Example 4. Cooling water is to be allocated to three distillation columns. Up to 8 million liters per day are available, and any amount up to this limit may be use. The costs of supplying water to each equipment are Equip. 1: f1 = |1 D1 | 1 for 0 D1 2 = 0 (otherwise) Equip. 2: f2 = exp( 1 (D2 5)2 ) for 0 D2 2 2 Equip. 2: f2 = D3 6D3 + 8 for 0 D3 4 P Minimize = fi to nd D1 , D2 , and D3

Note that this is an example of a typical multi-dimensional optimization problem, which can be expressed in abstract form (2.29) Min (x) x

where x Rn and f (x) : Rn R is a scalar objective function. A general problem of this type may include constraints on x or functions of x. 2.4. ODE - Initial Value Problem (ODE-IVP). For most of the processing systems of interest to the chemical engineer, there are three fundamental quantities :mass, energy and momentum. These quantities are can be characterized by variables such as density, concentration, temperature, pressure and ow rate. These characterizing variables are called as state of the processing system. The equations that relate the state variables (dependent variables) to the independent variables are derived from application of conservation principle on the fundamental quantities and are called the state equations. Let quantity S denote any one of the fundamental quantities Total mass Mass of the individual components Total energy. Momentum

Then, the principles of the conservation of the quantity S states that: [Accumulation of S within a system] = [Flow of S in the system] time period time period - [Flow of S out of the system] time period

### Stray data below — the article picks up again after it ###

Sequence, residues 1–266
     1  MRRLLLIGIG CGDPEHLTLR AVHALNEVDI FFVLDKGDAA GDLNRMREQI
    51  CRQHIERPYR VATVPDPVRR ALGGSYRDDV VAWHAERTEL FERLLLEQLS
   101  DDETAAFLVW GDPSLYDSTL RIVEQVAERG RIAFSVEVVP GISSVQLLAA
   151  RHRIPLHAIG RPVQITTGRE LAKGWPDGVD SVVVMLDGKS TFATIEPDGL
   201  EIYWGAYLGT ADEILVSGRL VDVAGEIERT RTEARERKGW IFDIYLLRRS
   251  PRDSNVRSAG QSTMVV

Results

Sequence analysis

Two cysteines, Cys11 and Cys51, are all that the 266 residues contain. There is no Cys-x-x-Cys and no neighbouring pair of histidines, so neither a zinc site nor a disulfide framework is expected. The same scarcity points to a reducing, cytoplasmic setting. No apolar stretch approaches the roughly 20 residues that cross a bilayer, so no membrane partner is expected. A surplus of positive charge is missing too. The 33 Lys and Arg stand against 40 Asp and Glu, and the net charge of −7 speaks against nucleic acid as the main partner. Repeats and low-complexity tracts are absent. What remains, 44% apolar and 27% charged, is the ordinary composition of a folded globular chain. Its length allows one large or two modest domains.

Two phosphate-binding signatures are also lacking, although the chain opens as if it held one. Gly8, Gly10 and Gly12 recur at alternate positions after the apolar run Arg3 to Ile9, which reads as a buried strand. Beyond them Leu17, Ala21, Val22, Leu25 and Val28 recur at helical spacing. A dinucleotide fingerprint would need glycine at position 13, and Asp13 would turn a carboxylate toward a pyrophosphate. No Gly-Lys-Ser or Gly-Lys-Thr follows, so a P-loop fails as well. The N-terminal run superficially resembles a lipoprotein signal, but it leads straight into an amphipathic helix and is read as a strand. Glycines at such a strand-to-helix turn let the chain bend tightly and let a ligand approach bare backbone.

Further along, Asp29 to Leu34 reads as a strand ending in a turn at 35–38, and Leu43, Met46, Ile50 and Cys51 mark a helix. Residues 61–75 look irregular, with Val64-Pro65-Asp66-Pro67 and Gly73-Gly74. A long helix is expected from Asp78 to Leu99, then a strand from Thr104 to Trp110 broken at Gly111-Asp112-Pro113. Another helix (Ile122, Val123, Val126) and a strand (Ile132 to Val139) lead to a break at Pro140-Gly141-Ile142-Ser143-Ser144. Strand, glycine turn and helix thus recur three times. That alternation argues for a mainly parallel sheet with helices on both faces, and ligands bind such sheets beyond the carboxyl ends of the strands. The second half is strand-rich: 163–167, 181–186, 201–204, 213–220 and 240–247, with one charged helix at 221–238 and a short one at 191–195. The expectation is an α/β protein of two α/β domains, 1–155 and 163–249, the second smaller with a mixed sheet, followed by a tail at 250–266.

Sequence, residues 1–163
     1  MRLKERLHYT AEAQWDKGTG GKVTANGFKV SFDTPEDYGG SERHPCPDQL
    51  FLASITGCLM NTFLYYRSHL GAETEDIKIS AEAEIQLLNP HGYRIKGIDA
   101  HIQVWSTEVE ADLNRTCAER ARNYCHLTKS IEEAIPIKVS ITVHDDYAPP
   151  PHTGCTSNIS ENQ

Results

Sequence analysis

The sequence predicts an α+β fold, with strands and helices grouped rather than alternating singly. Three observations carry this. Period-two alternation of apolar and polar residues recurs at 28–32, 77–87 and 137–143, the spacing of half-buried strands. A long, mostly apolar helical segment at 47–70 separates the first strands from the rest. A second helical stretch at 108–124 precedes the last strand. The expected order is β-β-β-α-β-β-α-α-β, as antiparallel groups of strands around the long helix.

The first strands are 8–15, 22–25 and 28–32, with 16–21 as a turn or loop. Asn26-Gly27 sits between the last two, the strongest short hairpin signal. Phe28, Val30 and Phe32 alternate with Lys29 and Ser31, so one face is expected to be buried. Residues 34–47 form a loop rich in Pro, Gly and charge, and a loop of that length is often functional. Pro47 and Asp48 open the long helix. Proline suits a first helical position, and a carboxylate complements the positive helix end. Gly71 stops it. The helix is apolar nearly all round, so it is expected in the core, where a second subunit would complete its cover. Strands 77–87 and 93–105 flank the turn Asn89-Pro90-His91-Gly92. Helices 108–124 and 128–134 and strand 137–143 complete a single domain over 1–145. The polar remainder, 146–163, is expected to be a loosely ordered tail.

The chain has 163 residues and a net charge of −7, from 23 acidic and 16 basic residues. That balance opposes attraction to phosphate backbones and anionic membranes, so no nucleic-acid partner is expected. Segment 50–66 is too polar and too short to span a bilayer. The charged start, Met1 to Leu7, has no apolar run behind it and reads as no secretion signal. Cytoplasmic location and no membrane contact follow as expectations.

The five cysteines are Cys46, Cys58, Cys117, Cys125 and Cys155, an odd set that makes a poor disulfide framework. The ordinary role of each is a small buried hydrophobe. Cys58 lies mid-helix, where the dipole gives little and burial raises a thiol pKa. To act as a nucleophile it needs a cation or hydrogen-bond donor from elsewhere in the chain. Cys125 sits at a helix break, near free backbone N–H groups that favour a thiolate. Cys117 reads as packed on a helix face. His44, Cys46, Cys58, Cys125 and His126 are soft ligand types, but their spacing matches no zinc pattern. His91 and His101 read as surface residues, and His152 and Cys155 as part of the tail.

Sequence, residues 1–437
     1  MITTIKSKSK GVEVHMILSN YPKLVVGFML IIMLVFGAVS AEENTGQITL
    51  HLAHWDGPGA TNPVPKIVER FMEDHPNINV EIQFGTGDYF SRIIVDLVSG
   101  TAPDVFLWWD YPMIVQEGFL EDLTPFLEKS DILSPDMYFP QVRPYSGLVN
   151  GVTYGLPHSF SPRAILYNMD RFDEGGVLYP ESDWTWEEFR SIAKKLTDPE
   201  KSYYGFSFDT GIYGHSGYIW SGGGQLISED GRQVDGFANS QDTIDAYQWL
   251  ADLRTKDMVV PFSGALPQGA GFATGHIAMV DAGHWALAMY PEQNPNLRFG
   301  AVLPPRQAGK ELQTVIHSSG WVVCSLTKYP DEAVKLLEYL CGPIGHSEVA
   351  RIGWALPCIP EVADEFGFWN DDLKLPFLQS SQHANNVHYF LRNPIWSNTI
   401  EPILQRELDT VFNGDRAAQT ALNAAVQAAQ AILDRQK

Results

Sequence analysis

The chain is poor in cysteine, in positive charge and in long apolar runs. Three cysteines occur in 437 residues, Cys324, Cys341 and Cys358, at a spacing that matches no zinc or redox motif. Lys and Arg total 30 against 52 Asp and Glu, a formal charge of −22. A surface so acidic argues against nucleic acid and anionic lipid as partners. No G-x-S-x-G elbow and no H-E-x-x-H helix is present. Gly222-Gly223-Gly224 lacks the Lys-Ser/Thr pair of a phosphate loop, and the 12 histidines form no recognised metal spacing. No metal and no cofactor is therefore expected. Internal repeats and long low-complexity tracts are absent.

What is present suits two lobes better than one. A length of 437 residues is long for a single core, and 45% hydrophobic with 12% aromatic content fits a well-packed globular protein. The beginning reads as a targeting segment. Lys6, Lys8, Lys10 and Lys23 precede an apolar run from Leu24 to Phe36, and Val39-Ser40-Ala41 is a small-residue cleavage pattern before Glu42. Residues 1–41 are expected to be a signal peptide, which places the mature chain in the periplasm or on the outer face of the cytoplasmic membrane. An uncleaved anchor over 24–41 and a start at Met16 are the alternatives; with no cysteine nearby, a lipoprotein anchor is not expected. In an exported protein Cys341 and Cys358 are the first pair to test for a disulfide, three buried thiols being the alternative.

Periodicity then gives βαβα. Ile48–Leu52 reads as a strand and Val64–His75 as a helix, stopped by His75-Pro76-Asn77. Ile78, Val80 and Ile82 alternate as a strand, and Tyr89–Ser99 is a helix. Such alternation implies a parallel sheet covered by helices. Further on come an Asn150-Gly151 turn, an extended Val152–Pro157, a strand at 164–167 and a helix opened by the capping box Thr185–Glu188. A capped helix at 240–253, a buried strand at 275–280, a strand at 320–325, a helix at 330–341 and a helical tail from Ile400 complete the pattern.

10

Figure 5. General lumped parameter system + [Amount of S generated within the system] time period -[Amount of S consumed by the system] time period Figure 5 shows schematic diagram of a general system and its interaction with external world. Typical dynamic model equations are as follows Total Mass Balance d(V ) = X i Fi X j Fj

i:inlet

j:outlet

(2.30)

X dna d(Ca V ) X = = Cai Fi Caj Fi + or rV dt dt Total energy Balance X dE d(U + K + P ) X dH = = i Fi hi j Fj hj Q WS ' dt dt dt i : inlet j : outlet density of the material in the system

(2.31)

where :

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i : density of the material in the ith inlet stream density of the material in the jth outlet stream j : V : Total volume of the system Volumetric ow rate of the ith inlet stream Fi: Volumetric ow rate of the jth outlet stream Fj: number of moles of the component A in the system na : Molal concentration ( moles /volume)of A in the system CA : Molal concentration ( moles /volume)of A in the ith inlet stream CAi : Molal concentration ( moles /volume)of A in the jth outlet stream CAj : r: reaction rate per unit volume of the component A in the system. specic enthalpy of the material in the ith inlet stream hi: specic enthalpy of the material in the jth outlet stream hi: U, K, P : internal, kinetic and potential energies of the system, respectively. Q : Amount of the heat exchanged between the system and the surroundings per unit time Shaft work exchanged between the system and its surroundings. WS : By convention, a quantity is considered positive if it ows in and negative if it ows out. The state equations with the associated variables constitute the lumped parameter mathematical model of a process, which yields the dynamic or static behavior of the process. The application of the conservation principle stated above will yield a set of dierential equations with the fundamental quantities as the dependent variables and time as independent variable. The solution of the dierential equations will determine how the state variables change with time i.e., it will determine the dynamic behavior of the process. The process is said to be at the steady state if the state variables do not change with time. In this case, the rate of accumulation of the fundamental quantity S is zero and the resulting balance yields a set of algebraic equations Example 5. Stirred Tank Heater (STH) System (Figure 6): Total momentum of the system remains constant and will not be considered. Total mass balance: Total mass in the tank at any time t = V = Ah where A represents cross sectional area. (2.32) d (Ah) = Fi F dt

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Hot Water Flow Cold Water Flow